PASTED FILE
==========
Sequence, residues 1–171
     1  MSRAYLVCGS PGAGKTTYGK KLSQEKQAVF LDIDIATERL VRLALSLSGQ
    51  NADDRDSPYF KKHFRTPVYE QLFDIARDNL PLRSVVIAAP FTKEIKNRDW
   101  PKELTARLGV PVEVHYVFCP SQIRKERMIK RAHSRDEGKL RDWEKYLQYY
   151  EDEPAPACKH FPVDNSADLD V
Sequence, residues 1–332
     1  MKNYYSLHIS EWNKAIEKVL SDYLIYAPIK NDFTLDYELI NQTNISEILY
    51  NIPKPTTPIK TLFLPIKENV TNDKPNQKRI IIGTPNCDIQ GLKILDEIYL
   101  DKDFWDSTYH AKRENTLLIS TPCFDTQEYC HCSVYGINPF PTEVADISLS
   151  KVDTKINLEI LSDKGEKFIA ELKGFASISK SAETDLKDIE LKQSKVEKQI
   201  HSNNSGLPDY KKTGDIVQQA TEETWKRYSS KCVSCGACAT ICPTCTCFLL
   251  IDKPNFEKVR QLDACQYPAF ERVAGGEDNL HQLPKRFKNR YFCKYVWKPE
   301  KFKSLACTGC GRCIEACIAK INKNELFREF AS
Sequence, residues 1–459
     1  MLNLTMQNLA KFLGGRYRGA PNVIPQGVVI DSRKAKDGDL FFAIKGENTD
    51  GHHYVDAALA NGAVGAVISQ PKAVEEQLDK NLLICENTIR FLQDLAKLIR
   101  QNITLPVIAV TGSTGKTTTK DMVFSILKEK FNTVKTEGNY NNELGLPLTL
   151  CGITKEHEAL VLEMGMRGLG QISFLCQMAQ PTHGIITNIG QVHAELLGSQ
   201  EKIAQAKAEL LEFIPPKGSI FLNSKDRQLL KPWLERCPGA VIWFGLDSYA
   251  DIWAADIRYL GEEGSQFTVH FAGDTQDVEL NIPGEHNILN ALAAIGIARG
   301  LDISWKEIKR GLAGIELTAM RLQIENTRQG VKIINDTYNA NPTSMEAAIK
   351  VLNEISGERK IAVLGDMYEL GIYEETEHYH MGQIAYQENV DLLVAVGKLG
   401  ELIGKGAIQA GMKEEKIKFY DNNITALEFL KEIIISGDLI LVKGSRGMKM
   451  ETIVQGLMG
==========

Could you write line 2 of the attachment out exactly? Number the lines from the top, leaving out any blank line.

     1  MSRAYLVCGS PGAGKTTYGK KLSQEKQAVF LDIDIATERL VRLALSLSGQ